Social Skills – Language – Brain Programming

Friday, January 15th, 2010 at 8:00 am.
by pre.

There is no other creature on this planet which can communicate with the same depth, the same level of abstraction, the same amount of detail, as human beings. Our languages are really the pinnacle of communication techniques developed by evolution. There is nothing in the animal, mineral, vegetable, fungal or micro-biotic worlds which even begin to match it.

A wolf may bark to his pack-mate during a hunt, a monkey may have a different call for “Danger! Run up the trees!” to “Danger! Get on the ground!”, a starling may shout at the top of his voice to help the flocking swarm move around him, and a bee may be able to dance a description of where the food is, but no other animal can describe the events that happened to it during the day in such detail that the lessons learned can be passed to another member of his species.

If a monkey wants to teach another monkey how to use a stick to dig up termites, he needs to actually show it happening, actually grab the other monkey’s attention, and a stick, and have one watch him poke the other into a hole. If a person wants to teach another person how to build a festive Christmas candle-holder he can just give a lecture. He can record it and put it on Blue Peter and teach a million kids at once.

As language evolved it enabled people to do something very special, something very evolutionarily advantageous, it enabled them to program each other’s brains.

Programming brains

Before language, learning was a time consuming process. To learn something about the world a creature would have to experience that thing, probably many times. It would have to physically witness it, likely suffer (or enjoy) the consequences of it.

Before language there was no way for one creature to download the result of it’s experience, the contents mind, into the mind of another creature.

Language changed all that, and it made our species incredibly powerful.

Now, rather than every individual in a tribe having to carry around in their skulls only their own experience of the world, every individual of a tribe can learn the experience of every single member of the tribe.

By telling each other stories about their experiences, the members of the tribe can have the other members of the tribe run the same thing in their minds. Learn the same lessons. Understand the same solutions. Furthermore, since language can be transmitted to many people at once, a single telling of a story can put that experience into a hundred different people at once!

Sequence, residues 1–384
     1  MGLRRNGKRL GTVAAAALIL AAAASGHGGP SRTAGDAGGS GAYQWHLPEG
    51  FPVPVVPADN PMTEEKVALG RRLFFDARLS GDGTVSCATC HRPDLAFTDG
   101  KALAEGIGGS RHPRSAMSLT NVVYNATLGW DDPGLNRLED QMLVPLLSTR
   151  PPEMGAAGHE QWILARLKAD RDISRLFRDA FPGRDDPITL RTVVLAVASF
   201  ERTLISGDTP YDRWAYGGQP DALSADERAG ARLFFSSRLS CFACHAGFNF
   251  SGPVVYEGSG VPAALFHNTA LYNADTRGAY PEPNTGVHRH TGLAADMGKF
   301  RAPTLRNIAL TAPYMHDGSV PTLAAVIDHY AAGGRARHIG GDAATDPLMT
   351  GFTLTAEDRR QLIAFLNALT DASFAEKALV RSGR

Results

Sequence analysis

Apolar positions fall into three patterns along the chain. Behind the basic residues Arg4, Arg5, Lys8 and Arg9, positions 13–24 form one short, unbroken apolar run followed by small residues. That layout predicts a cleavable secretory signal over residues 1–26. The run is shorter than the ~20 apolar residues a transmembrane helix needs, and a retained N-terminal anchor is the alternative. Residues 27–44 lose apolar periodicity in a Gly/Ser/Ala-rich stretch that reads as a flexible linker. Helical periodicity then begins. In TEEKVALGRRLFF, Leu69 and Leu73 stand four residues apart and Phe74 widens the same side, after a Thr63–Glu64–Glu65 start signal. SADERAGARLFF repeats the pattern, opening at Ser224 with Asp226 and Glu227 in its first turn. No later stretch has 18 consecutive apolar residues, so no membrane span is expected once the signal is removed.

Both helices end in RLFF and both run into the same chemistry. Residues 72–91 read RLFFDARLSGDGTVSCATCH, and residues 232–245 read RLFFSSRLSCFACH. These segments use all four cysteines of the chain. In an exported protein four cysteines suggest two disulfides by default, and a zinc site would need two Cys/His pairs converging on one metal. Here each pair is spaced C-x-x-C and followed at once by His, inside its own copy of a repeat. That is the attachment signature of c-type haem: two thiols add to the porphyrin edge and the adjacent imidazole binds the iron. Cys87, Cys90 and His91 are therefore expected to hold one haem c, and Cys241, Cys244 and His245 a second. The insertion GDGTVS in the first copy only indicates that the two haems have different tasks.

Continually repeating the story allows it to be even more deeply embedded into the mind of the listener than it would be from merely one experience alone. Actually affect a mind more than participation. Language can actually be more powerful than experience itself. Stronger than reality!

Time Binding

More than even this, our language enables us to learn from the experiences of people long dead. As soon as one elder tells a growing youth in a tribe about the adventures he heard explained to him as a nipper himself, the experience of a person long dead has been allowed to alter and shape and benefit the mind of someone with a whole life still to lead.

This transmission of information from one generation to the next, and through them to subsequent generations, shapes the language itself. Languages evolve, they grow, and as each new generation learns that language they learn the gradually developed concepts, ideas, beliefs, archetypes, and embed them all into single phrases, single words. Entire generations worth of experience can be whittled down to just a few syllables worth of sound.

This is what Alfred Korzybski called Time Binding and Robert Anton Wilson refered to as the Jumping Jesus Phenomenon.

Every generation, every new human, takes a streamlined and abridged version of the entire history of human kind since the first human understood another’s utterance as a word, and adds to it their own experience before teaching it to their own children. Our language itself encodes the rapidly accelerating growth of knowledge which our cultures possess

Fictive Intercourse

Language allows something more than just the dry recitation of things already experienced, or heard. Those tellings, those utterances, can be changed by Chinese whispers or by errors and mistakes. Even by simple imagination. Impossible and incredible experiences can be generated in another human’s mind just by making up a story. Language gives us power, and it gives us fiction.

Language gives us culture, it gives us art, it goes us the very society in which we live, for all these things are passed from one generation to the next by the words we use, the words we invent, the sentences we utter to each other.

This is, of course, incredibly powerful!

But it also has dangers. We’ll speak of some of those dangers, and how to overcome them, next week.

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